COFA/FSM CITIZENS IN HAWAII

According to the State of Hawaii Department of Human Services, in 2016

• There are about 1,150 COFA citizens who are homeless statewide. The majority, 933, are on O'ahu -- and many are believed to be in Kaka'ako

• There are about 1,531 COFA citizens receiving the TANF or TAONF (Welfare) monthly cash benefits to qualifying families for food, clothing, shelter, and other essentials. 1,176 Non-US citizens (excludes COFA citizens) and 15, 795 US citizens.

• There are 319 COFA citizens receiving the GA (General Assistance); 465 Non-US Citizens (Excludes COFA citizens) and 4,815 US Citizens. The GA program provides temporary economic assistance to individuals who are temporarily disabled and unable to work.

• 179,138 individuals are receiving the SNAP program (formerly the Foodstamp program). Unfortunately, they didn’t list the breakdown of citizenship or COFA citizens.

• There are about 6,196 low-income public housing units in Hawaii, 4,876 on Oahu. Again, no numbers on the number of COFA citizens served

• 358, 946 Hawaii residents are covered under the Med-Quest program; no breakdown on number of COFA citizens under this program.

Hawaii Officials say it's difficult to determine exactly how many COFA migrants live in Hawai'i, because they can travel back and forth without a visa or green card -- but current estimates are more than 12,000. I believe there is a 2017 census or count on Micronesians in Hawaii & US Territories but I haven’t seen the results yet. Perhaps someone can help us out on the latest count or census.

At the request of the Office of the Governor of Hawaii, a graduate student consulting team from Princeton University’s Woodrow Wilson School of Public and International Affairs spent Fall of 2016 studying the provision of health care to residents of Hawaii originating from the Federated States of Micronesia, the Republic of the Marshall Islands, and the Republic of Palau.

Unfortunately, their study finds or confirms that accessing adequate, affordable health care in the United States remains a challenge for COFA islanders.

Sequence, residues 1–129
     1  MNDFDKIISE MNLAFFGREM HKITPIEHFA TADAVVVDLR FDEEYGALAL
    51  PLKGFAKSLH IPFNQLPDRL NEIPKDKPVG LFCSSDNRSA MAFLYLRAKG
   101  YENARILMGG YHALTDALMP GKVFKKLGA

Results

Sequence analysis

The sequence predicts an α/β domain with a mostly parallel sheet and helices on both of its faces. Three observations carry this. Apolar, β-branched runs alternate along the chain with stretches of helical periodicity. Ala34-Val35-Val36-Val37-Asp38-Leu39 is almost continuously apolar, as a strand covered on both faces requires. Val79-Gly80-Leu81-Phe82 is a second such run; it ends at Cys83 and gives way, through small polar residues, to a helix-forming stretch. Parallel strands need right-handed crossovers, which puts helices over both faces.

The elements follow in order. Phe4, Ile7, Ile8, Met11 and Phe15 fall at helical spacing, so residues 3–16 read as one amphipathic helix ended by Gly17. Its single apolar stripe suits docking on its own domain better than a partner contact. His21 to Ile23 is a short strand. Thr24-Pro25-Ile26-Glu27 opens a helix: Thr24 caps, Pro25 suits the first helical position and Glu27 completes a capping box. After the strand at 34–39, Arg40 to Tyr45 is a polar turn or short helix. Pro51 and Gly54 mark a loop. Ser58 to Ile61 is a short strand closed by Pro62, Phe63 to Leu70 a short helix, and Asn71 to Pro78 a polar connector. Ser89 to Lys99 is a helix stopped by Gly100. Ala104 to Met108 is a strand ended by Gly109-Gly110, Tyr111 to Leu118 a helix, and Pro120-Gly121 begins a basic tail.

Some of their recommendations include:
• Having the US Federal Government grant COFA islanders Federal Medicaid eligibility as a part of a Medicaid bill or through other legislation
• Advocate for increased Federal funding for COFA impact aid

Recently, Hawaii Congresswomen Senator Hirono and Representative Gabbard introduced S.1301/H.R.2249,entitled “Restoring Medicaid for Compact of Free Association Migrants Act of 2015,” which amends
PRWORA to restore Medicaid benefits for COFA islanders. Similar legislation was introduced in previous sessions but failed. Bills focusing specifically on COFA islanders have consistently lacked bipartisan support and attract a very narrow number of co-sponsors.

Note: In 1996, the Personal Responsibility and Work Opportunity
Reconciliation Act (PRWORA) stripped some legal immigrants, including COFA islanders, of their eligibility for most federal programs such as Medicaid.

The most successful legislative effort to restore Medicaid benefits for all COFA islanders was through a comprehensive immigration reform bill in 2013, introduced by Senator Schumer (D-NY) and Representative Garcia (D-FL) and entitled the Border Security, Economic Opportunity, and Immigration Modernization Act (S.744/H.R.155).

The bill included a provision to restore Medicaid eligibility for legally residing COFA islanders. Notably, the bill had bipartisan support in the Senate, but ran into partisan barriers in the House: four out of seven co-sponsors in the Senate were Republicans, but only three out of 200 co-sponsors in the House were Republicans. While the final package passed in the Senate (68 to 32 votes), it failed in House committee.

We now know that the Hawaii Governor & the Hawaii Congressmen/women have been trying or have tried to address this important COFA issue. Even the former Governor of HI Abercrombie once suggested & wrote to Senator Hirono that the Government officials of the FSM & Hawaii meet to address the pressing issues concerning FSM citizens in Hawaii.

My question is what have our leaders (President, Congressmen, Foreign Affairs Dept, JEMCO committee members) done to address the pressing issues concerning their citizens? Or what can they do? Or do they really care?

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